The getLink method we use within getPosts returns the file name without the extension by using phps pathinfo function.

/** * Get link from filename */ private function getLink($filename) { return pathinfo($filename)['filename']; }

getDate gets the date by passing the first 6 characters from getLink to formatDate, which will return a formatted date or false. As we name our files YYMMDD-title-of-post.md the first 6 characters represent the date for a published article.

We return the date if it is not false. If it is false we return false, which will make the post not show up in the list of posts. However in case we are in our local environment we return draft which will make the post show up, so you see your drafts locally, but not on your server.

/** * Get formatted date from filename */ private function getDate($filename, $format) { $date = $this->formatDate(substr($this->getLink($filename),0,6), $format); if ($date !== false) { return $date; } return env('APP_ENV') === 'local' ? 'draft' : false; }

Formatting the date using Carbon

The less code we maintain, the better, so we are going to use the Carbon package to deal with formatting our dates:

/** * format date */ private function formatDate($date, $format){ try { $date = Carbon::createFromDate('20'.substr($date,0,2), substr($date,2,2), substr($date,4,2)); } catch(\InvalidArgumentException $e) { return false; } return $date->format($format); }

The Carbon::createFromDate needs year, month and day, which we can substr from the $date argument. We need to prefix the year with 20 because we formatted the date as 160321 without the leading 20.

The createFromDate method throws an exception if the provided date is invalid, which we catch (our file is a draft) and returning false.

If the date is valid we use Carbons format method, with the $format string that we passed through. For the normal date we store the string in $this->date_format so it is easily adjustable. For a simple european date you can add the string below to the very top of your file. The php datetime formats page has an overview of all available formatting options.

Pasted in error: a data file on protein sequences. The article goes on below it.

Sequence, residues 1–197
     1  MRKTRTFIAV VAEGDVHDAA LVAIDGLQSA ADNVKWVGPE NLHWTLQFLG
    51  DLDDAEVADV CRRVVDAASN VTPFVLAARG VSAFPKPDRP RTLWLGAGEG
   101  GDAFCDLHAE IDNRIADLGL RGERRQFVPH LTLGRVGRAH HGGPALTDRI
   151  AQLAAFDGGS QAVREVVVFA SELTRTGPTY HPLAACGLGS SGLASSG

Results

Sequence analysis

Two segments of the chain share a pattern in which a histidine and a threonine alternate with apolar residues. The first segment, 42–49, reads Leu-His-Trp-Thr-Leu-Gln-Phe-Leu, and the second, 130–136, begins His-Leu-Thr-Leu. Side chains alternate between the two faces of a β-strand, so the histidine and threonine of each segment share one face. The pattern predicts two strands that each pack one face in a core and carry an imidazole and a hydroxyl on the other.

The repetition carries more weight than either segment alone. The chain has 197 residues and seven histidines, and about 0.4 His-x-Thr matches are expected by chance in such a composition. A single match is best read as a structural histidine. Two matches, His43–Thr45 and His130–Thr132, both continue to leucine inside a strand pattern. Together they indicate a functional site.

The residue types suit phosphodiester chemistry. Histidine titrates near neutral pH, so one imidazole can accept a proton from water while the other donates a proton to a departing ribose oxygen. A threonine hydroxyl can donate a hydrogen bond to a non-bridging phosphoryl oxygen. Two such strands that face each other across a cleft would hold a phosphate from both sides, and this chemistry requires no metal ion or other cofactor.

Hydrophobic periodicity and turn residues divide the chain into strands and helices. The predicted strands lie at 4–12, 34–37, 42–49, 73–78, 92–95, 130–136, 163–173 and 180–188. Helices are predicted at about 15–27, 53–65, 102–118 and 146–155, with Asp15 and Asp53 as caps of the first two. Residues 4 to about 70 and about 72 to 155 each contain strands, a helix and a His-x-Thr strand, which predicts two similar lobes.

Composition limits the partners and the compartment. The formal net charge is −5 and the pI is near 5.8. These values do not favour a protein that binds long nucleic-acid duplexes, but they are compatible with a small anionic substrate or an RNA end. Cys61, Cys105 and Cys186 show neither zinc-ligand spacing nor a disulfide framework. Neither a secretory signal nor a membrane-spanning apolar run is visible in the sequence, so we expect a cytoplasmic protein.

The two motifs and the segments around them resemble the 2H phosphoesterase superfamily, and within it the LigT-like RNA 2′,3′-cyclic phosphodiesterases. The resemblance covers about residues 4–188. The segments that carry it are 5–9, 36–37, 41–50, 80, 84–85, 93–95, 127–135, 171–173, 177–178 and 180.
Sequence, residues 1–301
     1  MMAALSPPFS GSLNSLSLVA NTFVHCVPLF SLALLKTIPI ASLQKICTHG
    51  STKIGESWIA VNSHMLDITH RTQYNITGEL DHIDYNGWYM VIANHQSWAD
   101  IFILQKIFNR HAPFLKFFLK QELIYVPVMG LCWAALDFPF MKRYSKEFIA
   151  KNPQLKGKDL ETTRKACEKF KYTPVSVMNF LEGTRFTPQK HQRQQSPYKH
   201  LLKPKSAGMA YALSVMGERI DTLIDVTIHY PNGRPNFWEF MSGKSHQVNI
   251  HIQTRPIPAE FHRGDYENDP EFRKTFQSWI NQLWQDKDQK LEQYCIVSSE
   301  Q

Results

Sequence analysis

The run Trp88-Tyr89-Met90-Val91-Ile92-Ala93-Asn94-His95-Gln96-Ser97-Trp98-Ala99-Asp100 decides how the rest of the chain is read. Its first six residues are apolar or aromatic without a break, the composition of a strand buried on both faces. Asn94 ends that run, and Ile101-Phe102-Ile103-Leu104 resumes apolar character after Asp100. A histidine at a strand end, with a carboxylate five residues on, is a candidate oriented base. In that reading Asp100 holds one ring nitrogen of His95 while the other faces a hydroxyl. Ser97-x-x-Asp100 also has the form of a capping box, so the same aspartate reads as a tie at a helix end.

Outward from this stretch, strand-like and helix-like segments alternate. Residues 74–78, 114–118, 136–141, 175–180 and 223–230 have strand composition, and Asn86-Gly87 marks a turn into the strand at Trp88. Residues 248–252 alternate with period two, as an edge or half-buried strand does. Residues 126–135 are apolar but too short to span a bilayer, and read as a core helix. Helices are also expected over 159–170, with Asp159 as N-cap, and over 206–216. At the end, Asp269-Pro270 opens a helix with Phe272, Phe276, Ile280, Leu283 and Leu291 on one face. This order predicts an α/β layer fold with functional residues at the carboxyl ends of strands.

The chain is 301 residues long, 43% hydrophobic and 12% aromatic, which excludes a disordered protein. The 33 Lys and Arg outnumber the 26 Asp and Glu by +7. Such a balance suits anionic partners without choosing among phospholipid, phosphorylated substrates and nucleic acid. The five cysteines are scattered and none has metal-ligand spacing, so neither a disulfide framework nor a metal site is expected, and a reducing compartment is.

However, we also need to create a machine_date which we will use in the html5 <time> tags. We do not need to store this argument in a class variable, as the format is fixed and does not need changing.

/** * the format the dates will be converted to * * @var string */ protected $date_format = 'd/m/Y';

Oh my, I am getting a headache from all those methods, why so many?

As a quick interlude let me address the fear of too many methods. Somehow there is the idea in some peoples heads, that we need to have as few functions as possible. Nothing could be further from the truth, you should always have as many functions as make sense. The two main reasons for extracting logic into a method are:

  • logic is used in more than one instance (two already count!)
  • an entire chunk of logic can be extracted

You only want to extract logic, if it is complete in itself though. The goal is to make your code easier to understand, by extracting logic to a method with a name that makes it evident what the method does. For example formatDate is easy to understand, while ifDateInvalidReturnFalse does not help much.

Extracting file data

Now lets get to getDataFromFile, the method which deals with everything that is in the actual markdown file. This method should return an array with the content, the title and the meta information.

[ 'title' => 'Post title', 'content' => 'Post content in html', 'meta' => [ 'readingTime' => '7', 'tags' => [ 'tag-one', 'tag-two' ], 'author' => 'Lukas Oppermann', 'description' => 'Meta description for the post', ] ]

To make this happen, we need to get the content of our markdown file using Laravels Storage facade. We pass it to getContent, which returns the converted html without the meta information at the top. The meta data will be returned by getMetaData. But to add the reading time, we need to wrap the result from getReadingTime (copied from BlogController) in a meta array so that it will be correctly merged with the rest of the meta data.

/** * Get data from file */ private function getDataFromFile($file) { $fileContent = Storage::get($file); $htmlContent = $this->getContent($fileContent); return array_merge_recursive([ 'content' => $htmlContent, 'meta' => [ 'readingTime' => $this->getReadingTime($htmlContent), ], ], $this->getMetaData($fileContent, $this->getTitle($file))); }